Inspired Dad Transforms the Way Special Needs Children Develop and Learn

Autism Warrior: Rupert Isaacson is founder and co-director of the Horse Boy Foundation which consists of two main programs:

  • The Horse Boy Method, an equine therapy that addresses the nervous system and builds neuroplasticity for autism, attention deficit disorder (ADD) and other related conditions
  • Movement Method, a kinetic learning program applicable for both home and classroom.

Inspired Dad Transforms the Way Special Needs Children Develop and Learn

Both of these dynamic programs work with the brain and nervous system, getting long-term kinetic learning and brain training by doing movement-based activities that act on the learning receptors of the brain. The foundation now works in 20 countries and serves about 30,000 families per week, a number that is rising. It’s neuroscience disguised as play and works for kids and adults alike. Rupert said autism is their specialty, but they work with all neurocognitive diagnoses including attention deficit hyperactivity disorder (ADD/ADHD), anxiety, depression, eating disorders, post-traumatic stress disorder (PTSD) and more. Schools are adopting their kinetic learning modules for neurotypical kids, too.

Location: Headquarters is located in Austin, Texas but satellite locations are located all over North America and Europe with new programs starting in South America and Southern Africa.

Accomplishments: Rupert said their main achievement is that they are the only autism program that they know of led and mentored by people with autism. Because of this base, along with mentoring from Dr. Temple Grandin and others from the start, they achieved the results they wanted. Rupert said they reached out to several neuroscientists including those from the University of California and the Marie Curie Institute in Paris to better understand WHY the program was so successful. The consensus was that they had figured out a way to make the body move that shuts off the cell danger response (stress) that impairs learning and which, in turn, switches on the cerebellum (motor and social skills), Purkinje cells (communication between the different parts of the brain), the vestibular system (balance and attention, i.e., long-term learning), and producing brain-derived neurotrophic factor (BDNF), which ups the IQ and engages the logic and reasoning centers of the brain.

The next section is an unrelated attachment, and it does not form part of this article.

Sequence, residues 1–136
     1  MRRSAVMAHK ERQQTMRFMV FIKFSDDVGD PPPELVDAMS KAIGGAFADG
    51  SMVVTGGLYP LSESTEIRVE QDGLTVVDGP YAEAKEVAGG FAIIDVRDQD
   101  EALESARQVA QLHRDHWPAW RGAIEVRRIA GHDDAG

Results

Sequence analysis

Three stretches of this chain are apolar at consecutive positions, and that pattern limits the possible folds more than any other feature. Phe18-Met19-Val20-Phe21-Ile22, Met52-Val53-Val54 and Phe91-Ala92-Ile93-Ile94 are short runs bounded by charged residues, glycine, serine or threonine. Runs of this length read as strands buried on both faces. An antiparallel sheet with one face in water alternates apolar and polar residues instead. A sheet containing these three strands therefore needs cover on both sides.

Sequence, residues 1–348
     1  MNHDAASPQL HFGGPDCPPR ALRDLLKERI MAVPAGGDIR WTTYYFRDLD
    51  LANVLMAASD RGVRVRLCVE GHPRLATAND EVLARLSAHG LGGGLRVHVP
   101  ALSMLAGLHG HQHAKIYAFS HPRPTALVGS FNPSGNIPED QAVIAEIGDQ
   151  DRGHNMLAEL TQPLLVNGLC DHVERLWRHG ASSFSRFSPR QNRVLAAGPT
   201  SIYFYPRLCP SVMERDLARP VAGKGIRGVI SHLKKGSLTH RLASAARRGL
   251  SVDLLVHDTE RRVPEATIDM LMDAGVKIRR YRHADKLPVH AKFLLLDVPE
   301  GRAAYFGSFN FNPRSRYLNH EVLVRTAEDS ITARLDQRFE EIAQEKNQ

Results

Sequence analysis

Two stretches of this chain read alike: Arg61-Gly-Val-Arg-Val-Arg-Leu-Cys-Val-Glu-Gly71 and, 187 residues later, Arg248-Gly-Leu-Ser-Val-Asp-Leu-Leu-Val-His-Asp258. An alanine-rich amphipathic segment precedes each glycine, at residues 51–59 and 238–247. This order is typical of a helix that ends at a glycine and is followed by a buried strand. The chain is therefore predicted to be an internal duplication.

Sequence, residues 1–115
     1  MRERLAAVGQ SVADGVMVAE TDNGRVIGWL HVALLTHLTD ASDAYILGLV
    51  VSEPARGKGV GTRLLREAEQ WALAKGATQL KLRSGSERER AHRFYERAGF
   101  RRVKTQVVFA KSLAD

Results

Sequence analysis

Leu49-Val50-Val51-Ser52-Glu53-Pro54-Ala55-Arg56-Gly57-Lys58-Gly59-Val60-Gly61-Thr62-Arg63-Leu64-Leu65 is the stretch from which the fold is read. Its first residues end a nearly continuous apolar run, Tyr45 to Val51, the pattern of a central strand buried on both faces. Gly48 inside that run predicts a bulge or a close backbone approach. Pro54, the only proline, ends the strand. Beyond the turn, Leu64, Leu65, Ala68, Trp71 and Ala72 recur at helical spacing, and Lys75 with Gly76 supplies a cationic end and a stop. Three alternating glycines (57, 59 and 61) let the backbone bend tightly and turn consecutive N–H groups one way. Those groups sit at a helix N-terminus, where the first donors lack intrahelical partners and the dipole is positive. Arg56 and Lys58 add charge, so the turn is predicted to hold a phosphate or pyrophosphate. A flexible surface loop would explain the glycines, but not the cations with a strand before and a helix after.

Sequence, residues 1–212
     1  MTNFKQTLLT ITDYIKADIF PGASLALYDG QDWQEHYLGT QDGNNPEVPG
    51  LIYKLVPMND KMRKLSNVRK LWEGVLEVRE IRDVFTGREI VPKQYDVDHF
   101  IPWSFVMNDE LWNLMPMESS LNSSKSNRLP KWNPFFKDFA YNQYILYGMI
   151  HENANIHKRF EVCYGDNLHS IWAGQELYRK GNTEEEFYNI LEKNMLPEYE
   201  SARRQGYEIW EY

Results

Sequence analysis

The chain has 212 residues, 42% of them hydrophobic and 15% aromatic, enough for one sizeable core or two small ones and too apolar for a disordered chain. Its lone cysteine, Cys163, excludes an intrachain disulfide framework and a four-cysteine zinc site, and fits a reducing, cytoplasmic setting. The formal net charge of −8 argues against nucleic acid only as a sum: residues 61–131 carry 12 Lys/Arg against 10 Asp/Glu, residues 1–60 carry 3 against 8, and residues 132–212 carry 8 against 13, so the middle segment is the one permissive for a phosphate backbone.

Rupert added, “The fact that we got here by following what autistic people themselves told us to do, rather than imposing theories from the outside, is probably our greatest accomplishment.”

Inspiration: Rupert said his son Rowan, diagnosed with severe autism in 2004, is his greatest inspiration. At 15 years old Rowan has a job, a life, and a whole world of his own creation and is the most empathetic, quiet, egoed, yet brilliant young man he has ever met.

Goals: To consign to the historical trashcan, where it belongs, the notion that anyone, let alone children, let alone autistic children, need to suffer to learn. The science just doesn’t support it.

Advice for families affected by autism: “Celebrate the gifts—the amazing memory, the ability to focus interest and intellect, the quiet ego that is so healing just to be around. Follow the child’s interests and obsessions and design his or her world and learning around those. Spend hours a day in nature away from bad sensory triggers. Eliminate those home triggers (fluorescent lights, cleaning solvent smells, cigarette smoke, perfume, rooms that echo, and all the other well-documented negative triggers). Get a nice big quiet dog. Put a trampoline in the backyard and USE it. Go slide in the mud on rainy days and go to the pool on hot days. Regard autism as a set of gifts, not a problem to be fixed. Teach life skills but don’t make someone feel bad about who they are. Consult with adult autists and follow their advice. Learn the basic neuroscience of how the brain’s learning centers work and apply them by taking our online Movement Method course.”

Websites: and

This article was featured in Issue 72 – Sensory Solutions For Life

Amy KD Tobik

Amy KD Tobik, Editor-in-Chief of Autism Parenting Magazine, has more than 30 years of experience as a published writer and editor. A graduate of Sweet Briar College in Virginia, Amy’s background includes magazine, newspaper, and book publishing. As a special needs advocate and editor, she coordinates with more than 300 doctors, autism specialists, and researchers to ensure people diagnosed with autism receive the services and supports they need for life. She has two adult children and lives in the Carolinas with her husband.

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